Rene — Europe's new Iron Curtain

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Europe’s new Iron Curtain
Economic wall separates haves from have-nots
By Tom Hundley
Tribune correspondent
3:56 AM CDT, March 29, 2008
TERESPOL, Poland – A few stray dogs and a bedraggled band of women
with gold-capped teeth compete for the thin shaft of afternoon
sunlight that warms a corner of the decrepit railway station waiting
The women, from the former Soviet republic of Belarus, are
smugglers. There is no secret about that. They are busy putting on
layer after layer of new clothing, suiting up for their daily battle
with the border police.
These days there is a lot of talk about a borderless Europe, but in
this corner of the continent, on the eastern crust of Poland along the
banks ofthe River Bug, there is no mistaking the omnipresence of the
border. In many ways, this border has become Europe’s new Iron
Curtain. The divide is no longer ideological; the wall is between rich
and poor, between Europe’s haves and have-nots.
The modern concept of national borders as clear, demarcated lines is a
European invention that has been exported around the globe, providing
a ready source of conflict and bloodshed. Even in today’s relatively
peaceful and settled Europe, borders remain flash points. Think of
Kosovo, where Europe’s newest hostile border has been drawn.
Europe’s borders have changed radically in the past generation. More
than 8,000 miles of new national borders have been created on the
continent since 1989, mostly in Europe’s eastern half. But the whole
notion of borders also has undergone a profound physical and
psychological transformation.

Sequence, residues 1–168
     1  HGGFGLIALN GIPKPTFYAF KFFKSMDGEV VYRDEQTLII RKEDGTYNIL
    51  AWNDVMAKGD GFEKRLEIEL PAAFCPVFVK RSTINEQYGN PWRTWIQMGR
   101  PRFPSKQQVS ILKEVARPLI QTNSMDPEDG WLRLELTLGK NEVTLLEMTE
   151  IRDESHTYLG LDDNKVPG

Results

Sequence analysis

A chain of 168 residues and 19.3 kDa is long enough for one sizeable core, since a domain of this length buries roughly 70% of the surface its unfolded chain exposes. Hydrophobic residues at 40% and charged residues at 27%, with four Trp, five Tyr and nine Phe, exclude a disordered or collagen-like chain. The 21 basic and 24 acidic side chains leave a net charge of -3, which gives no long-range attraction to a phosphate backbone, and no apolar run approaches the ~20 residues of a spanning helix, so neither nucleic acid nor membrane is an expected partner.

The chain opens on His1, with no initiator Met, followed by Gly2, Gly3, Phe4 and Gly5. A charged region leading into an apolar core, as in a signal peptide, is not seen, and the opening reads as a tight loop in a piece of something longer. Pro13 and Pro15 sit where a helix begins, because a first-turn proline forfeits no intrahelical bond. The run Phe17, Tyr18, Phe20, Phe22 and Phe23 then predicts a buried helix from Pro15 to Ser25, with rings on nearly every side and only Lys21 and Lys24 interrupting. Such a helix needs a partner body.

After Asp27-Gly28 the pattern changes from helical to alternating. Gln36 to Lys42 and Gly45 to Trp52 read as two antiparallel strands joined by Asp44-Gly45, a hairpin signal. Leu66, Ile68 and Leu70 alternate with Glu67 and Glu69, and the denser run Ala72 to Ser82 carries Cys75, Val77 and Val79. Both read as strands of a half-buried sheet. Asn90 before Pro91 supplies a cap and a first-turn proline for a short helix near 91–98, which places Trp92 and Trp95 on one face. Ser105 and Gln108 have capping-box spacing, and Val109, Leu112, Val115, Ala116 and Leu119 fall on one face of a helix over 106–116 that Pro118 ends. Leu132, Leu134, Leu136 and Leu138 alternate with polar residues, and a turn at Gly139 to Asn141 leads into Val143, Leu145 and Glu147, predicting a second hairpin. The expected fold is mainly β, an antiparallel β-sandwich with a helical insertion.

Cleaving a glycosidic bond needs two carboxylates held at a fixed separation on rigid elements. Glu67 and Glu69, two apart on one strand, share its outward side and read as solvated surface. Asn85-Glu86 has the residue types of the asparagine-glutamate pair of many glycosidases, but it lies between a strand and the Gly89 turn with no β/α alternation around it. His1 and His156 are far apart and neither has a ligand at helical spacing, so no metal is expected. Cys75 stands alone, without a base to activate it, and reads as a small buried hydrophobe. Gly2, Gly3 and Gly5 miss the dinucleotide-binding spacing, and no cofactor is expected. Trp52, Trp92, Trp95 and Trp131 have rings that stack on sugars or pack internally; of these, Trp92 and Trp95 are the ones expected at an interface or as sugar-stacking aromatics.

The primary impetus for this transformation was the collapse of
communism and the dismantling of the Iron Curtain and the Berlin
Wall. But almost as important has been the ascendance of the European
Union and its commitmentto the free movement of people across the
borders of its 27 member states.
According to Yale historian Timothy Snyder, the price of creating this
remarkable zone of free movement has been the creation of a hard
external border that seals off the EU from its poorer neighbors. “This
wasn’t the intent of Schengen, but it has been one of the major side
effects,” he said.
Schengen refers to a series of agreements implemented in 1995 that did
away with internal border controls across much of Western Europe. The
so-called Schengen Zone was expanded in December to include Poland,
Slovakia, the Czech Republic, Hungary, Estonia, Latvia, Lithuania,
Slovenia and Malta.
Along the EU’s eastern frontier, some people have started to refer to
the external border as the Schengen Wall -or, less felicitously, the
New Iron Curtain.
EU officials cringe at the Iron Curtain reference. They like to talk
about “smart” borders secured by thermal cameras, satellite monitors,
biometric data banks and other high-tech whistles and bells.
A Cold War feel
But here in Terespol, the border between Poland and Belarus still has
a Cold War chill to it. The border on the Polish side may be smart,
but on the Belarus side it consists of old-fashioned electrified
fences, watchtowers and unsmiling guards.
This was and still is Josef Stalin’s border. At the start of World War
II, the Soviet dictator grabbed a large chunk of eastern Poland,
annexed it to Belarus and never gave it back. After the war, 2.35
million Poles living in this territory were resettled in northern and
western Poland; about a million Poles remained.
After the Soviet Union collapsed in 1991, the communities along this
border began to reknit. Cross-border trade started to flourish,
nourishing the economy on both sides. Poland, with its eager embrace
of Western Europe, was always going to be the richer of the two, but
it was Belarus’ extreme bad luck to fall into the political grasp of
Alexander Lukashenko, a thuggish boss of the Soviet old school.